Use of Mortality as an Endpoint in Noninferiority Trials May Lead to Ethically Problematic Conclusions

Andrew M. Hersh*, Robert J. Walter, Scott K. Abberegg

*Corresponding author for this work

Research output: Contribution to journalReview articlepeer-review

6 Scopus citations


Background: Noninferiority trials are becoming more common. Their design often requires investigators to “trade” a secondary benefit for efficacy. Use of mortality as an outcome of interest leads to important ethical conflicts whereby researchers must establish a minimal clinically important difference for mortality, a process which has the potential to result in problematic conclusions. Objective: We sought to investigate the frequency of the use of mortality as an outcome in noninferiority trials, as well as to determine the average pre-specified noninferiority (“delta”) values. Design: We searched MEDLINE for reports of parallel-group randomized controlled noninferiority trials published in five high-impact general medical journals. Main Outcome Measures: Data abstracted from articles including trial design parameters, results, and interpretation of results based on CONSORT recommendations. Results: One hundred seventy-three manuscripts reporting 196 noninferiority comparisons were included in our analysis. Of these, over a third (67 trials) used mortality either as their sole endpoint (11 trials) or as part of a composite endpoint (56 trials). Nine trials were consort A, 21 trials consort B, 19 trials consort C, 12 were consort F, 4 consort G, and 2 were consort H. Four analyses showed statistically significant more deaths in the new treatment arm, while meeting consort criteria as “inconclusive” (consort G), (Behringer et al. in Lancet. 385(9976):1418–1427, 2015; Kaul et al. in N Engl J Med. 373(18):1709–1719, 2015; Bwakura-Dangarembizi et al. in N Engl J Med. 370(1):41–53, 2014) and thirteen trials utilizing mortality as an endpoint and had an absolute increase of > 3%, and six had an absolute increase of > 5%. Conclusions: The use of mortality as an outcome in noninferiority trials is not rare and scenarios where the new treatment is statistically worse, but a conclusion of noninferiority or inconclusive do occur. We highlight these issues and propose simple steps to reduce the risk of ethically dubious conclusions.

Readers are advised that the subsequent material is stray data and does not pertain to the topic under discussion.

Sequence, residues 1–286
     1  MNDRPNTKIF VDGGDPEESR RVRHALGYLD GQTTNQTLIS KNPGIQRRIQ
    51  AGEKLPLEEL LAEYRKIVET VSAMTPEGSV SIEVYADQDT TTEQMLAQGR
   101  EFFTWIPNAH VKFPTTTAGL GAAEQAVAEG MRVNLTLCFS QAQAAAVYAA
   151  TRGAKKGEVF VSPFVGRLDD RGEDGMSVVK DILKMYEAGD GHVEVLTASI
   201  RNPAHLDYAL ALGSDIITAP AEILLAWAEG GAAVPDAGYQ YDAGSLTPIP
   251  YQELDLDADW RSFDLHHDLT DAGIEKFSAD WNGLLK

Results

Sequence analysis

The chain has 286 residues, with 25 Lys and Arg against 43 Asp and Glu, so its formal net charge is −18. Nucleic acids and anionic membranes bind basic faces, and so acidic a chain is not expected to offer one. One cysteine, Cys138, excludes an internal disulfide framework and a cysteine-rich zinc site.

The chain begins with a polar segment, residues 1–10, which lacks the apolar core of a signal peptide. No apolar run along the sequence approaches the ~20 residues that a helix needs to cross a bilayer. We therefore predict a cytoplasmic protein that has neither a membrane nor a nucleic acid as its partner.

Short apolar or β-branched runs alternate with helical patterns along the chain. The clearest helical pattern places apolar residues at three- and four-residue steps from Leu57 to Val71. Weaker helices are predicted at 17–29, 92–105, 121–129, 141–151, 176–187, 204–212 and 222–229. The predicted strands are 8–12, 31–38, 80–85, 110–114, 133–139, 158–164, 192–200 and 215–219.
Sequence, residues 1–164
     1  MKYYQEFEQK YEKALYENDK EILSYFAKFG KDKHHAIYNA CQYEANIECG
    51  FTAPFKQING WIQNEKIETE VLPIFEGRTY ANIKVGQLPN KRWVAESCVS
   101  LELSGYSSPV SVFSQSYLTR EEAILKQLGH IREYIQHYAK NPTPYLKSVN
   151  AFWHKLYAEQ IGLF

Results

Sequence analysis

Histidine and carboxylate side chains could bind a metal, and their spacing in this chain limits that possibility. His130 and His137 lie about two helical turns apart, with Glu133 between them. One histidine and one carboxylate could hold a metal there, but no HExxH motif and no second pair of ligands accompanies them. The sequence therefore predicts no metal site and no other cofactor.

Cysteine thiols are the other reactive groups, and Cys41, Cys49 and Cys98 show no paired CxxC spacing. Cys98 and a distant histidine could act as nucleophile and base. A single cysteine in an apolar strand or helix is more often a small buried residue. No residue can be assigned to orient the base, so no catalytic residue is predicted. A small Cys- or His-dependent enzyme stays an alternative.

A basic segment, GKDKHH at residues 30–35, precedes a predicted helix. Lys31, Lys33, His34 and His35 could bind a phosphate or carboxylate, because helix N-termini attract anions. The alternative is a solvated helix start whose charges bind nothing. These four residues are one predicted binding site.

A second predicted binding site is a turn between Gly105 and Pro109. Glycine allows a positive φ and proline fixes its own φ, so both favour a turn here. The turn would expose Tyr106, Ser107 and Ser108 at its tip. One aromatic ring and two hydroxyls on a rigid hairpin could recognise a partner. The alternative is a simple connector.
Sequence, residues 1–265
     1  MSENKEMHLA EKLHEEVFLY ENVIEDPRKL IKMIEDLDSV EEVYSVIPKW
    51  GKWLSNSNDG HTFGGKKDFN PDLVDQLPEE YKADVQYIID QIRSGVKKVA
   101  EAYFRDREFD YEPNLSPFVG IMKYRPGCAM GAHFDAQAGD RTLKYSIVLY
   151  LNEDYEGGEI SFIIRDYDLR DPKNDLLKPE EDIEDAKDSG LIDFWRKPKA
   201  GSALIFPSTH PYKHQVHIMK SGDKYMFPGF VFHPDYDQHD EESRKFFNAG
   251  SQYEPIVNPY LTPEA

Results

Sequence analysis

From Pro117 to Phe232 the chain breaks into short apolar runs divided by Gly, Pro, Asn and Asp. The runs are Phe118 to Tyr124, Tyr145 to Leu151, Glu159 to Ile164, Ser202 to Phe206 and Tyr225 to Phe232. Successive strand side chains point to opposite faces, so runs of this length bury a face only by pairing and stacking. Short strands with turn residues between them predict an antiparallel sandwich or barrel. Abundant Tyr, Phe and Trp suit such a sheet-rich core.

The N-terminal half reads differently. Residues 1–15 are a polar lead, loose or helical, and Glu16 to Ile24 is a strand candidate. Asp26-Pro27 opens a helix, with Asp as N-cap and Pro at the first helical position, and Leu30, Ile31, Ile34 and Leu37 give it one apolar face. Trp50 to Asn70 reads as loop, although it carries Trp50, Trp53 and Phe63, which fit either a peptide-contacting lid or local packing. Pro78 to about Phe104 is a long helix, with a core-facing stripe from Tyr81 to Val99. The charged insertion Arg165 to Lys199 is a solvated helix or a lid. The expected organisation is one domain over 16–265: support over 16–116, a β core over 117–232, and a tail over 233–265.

Original languageEnglish
Pages (from-to)618-623
Number of pages6
JournalJournal of General Internal Medicine
Issue number4
StatePublished - 15 Apr 2019
Externally publishedYes


  • clinical trials
  • medical ethics
  • noninferiority trials
  • outcomes measures


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